The Amiga was an art machine with a powerhouse behind it, and the holding pen of the Commodore 64, combined with brand loyalty, meant this generation of top-notch programmers were loosed onto what must have felt like a limitless playing field.
Intros and demos, previously of a certain size and approach, could expand out into cinematic proportions. When tricks came out, like forcing the Amiga into video modes never intended or taking advantage of the chipset to put more items on screen than ever before, those tricks got attention. In fact, this is where my own story starts, because I first heard of demos when I was in high school. A friend of mine, Andy Rubin, lent me an Amiga 500 his company had used for some video production and which they’d stored away, unused. I was all over that machine, getting my hands on programs from bulletin boards, downloading songs to play, and playing any games or pirated software I could find. And whereas with my IBM, I’d more often than not be greeted with a text screen and some 2-bit music, with the Amiga the right command would explode the screen into a pyrotechnic adventure. Other machines had art of their own, of course; both in programming skill and in writing; but the Amiga had the kind of art you could show a non-computing family member after pulling them into the living room and have them go “Wow”. This was a powerful thing.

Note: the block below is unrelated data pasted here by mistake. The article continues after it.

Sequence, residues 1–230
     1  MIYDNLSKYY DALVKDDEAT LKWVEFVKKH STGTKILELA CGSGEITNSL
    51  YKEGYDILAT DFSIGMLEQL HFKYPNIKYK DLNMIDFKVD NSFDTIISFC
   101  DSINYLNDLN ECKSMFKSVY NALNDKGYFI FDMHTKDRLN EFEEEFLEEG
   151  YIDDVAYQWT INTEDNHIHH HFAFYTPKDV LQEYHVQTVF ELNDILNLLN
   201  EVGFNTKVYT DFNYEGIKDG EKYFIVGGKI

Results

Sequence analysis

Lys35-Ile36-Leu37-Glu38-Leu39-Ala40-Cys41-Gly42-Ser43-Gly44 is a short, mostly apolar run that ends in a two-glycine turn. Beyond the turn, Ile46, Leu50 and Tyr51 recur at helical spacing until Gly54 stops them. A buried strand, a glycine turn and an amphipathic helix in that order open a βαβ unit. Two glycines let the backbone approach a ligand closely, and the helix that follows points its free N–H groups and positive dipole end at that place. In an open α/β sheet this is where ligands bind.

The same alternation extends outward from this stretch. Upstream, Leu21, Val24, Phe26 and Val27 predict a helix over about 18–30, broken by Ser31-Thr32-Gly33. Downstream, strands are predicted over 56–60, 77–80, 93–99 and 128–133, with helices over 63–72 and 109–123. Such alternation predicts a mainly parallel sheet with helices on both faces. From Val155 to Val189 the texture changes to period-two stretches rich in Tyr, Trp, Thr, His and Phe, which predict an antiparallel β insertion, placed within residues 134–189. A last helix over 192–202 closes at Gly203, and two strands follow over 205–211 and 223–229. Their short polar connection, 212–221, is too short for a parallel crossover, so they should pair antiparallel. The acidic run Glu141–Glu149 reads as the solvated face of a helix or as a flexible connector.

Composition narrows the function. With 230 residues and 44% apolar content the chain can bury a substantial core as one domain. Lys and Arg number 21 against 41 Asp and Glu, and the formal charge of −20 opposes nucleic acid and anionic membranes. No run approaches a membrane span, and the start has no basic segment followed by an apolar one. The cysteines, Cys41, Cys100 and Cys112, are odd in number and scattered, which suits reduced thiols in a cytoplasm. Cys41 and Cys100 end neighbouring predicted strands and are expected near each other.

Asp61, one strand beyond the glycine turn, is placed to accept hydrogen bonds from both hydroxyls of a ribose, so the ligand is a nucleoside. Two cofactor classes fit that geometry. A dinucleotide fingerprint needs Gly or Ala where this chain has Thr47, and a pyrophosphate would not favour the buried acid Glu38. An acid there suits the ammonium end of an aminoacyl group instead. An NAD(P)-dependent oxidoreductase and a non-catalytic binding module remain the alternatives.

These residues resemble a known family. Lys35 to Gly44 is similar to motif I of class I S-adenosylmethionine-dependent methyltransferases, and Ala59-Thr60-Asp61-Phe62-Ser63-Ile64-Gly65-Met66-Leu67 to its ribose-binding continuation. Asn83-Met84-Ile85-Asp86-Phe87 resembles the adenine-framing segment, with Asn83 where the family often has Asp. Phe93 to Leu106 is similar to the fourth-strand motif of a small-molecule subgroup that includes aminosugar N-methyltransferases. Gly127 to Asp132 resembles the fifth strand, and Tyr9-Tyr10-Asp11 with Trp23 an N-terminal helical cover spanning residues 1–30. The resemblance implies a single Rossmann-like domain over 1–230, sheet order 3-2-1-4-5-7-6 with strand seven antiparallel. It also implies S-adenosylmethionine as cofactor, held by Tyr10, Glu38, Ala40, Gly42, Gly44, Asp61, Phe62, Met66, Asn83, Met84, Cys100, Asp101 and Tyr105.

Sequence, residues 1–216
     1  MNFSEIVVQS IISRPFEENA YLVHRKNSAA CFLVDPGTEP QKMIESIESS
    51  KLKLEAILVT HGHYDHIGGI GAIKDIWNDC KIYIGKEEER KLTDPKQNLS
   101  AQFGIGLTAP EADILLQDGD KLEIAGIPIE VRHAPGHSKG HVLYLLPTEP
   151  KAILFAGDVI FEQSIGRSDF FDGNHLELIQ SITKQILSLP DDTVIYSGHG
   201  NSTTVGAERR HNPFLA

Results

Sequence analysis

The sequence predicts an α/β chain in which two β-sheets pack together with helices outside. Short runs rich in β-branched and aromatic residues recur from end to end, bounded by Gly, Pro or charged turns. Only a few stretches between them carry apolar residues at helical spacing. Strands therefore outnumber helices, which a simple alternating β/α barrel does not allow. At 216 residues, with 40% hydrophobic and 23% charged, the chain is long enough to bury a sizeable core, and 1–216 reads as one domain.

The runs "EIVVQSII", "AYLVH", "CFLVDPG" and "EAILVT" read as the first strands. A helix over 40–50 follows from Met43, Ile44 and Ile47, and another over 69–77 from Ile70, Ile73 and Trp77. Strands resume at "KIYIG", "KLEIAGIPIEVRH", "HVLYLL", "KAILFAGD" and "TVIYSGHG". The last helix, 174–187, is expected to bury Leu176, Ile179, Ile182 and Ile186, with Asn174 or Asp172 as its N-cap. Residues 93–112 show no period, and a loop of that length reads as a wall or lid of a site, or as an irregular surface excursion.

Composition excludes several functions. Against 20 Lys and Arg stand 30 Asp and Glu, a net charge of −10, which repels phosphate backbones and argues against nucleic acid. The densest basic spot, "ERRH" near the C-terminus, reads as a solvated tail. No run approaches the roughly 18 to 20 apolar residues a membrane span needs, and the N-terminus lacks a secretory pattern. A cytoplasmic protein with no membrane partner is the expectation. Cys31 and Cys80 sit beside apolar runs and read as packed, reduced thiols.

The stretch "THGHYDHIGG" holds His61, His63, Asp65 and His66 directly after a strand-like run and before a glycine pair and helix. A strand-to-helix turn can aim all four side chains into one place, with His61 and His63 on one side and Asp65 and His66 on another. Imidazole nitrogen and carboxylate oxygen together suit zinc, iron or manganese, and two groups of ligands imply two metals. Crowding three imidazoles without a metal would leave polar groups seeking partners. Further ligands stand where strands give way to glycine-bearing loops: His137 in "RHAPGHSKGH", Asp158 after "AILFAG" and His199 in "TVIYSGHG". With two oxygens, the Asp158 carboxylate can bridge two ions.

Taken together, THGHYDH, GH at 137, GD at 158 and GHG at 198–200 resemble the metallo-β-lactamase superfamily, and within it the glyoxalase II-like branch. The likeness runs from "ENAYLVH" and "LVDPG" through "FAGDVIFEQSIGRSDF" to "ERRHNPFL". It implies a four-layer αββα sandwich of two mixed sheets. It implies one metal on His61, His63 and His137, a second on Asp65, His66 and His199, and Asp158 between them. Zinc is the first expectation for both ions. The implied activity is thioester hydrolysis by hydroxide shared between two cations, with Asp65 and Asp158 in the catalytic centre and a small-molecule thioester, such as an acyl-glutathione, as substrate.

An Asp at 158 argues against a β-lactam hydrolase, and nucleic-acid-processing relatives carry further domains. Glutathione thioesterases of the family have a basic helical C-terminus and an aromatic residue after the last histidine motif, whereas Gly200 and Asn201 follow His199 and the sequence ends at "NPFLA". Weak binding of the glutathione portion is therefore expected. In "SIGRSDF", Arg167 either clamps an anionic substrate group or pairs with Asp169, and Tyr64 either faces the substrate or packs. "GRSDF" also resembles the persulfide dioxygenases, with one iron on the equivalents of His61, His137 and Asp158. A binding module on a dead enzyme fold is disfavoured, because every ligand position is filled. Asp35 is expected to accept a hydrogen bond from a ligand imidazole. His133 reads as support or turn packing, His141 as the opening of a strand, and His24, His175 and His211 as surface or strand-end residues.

And like I said, the growing demo groups exploited this new machine to its fullest. So much so, in fact, that style started to enter into things like never before. It wasn’t enough to put up music; now you had to have the best-sounding 4-channel music your dedicated group musician could write. You couldn’t be happy that you made stuff float around the screen; now it had to float around the screen on a background of beautifully drawn mountains or alien tropical forests.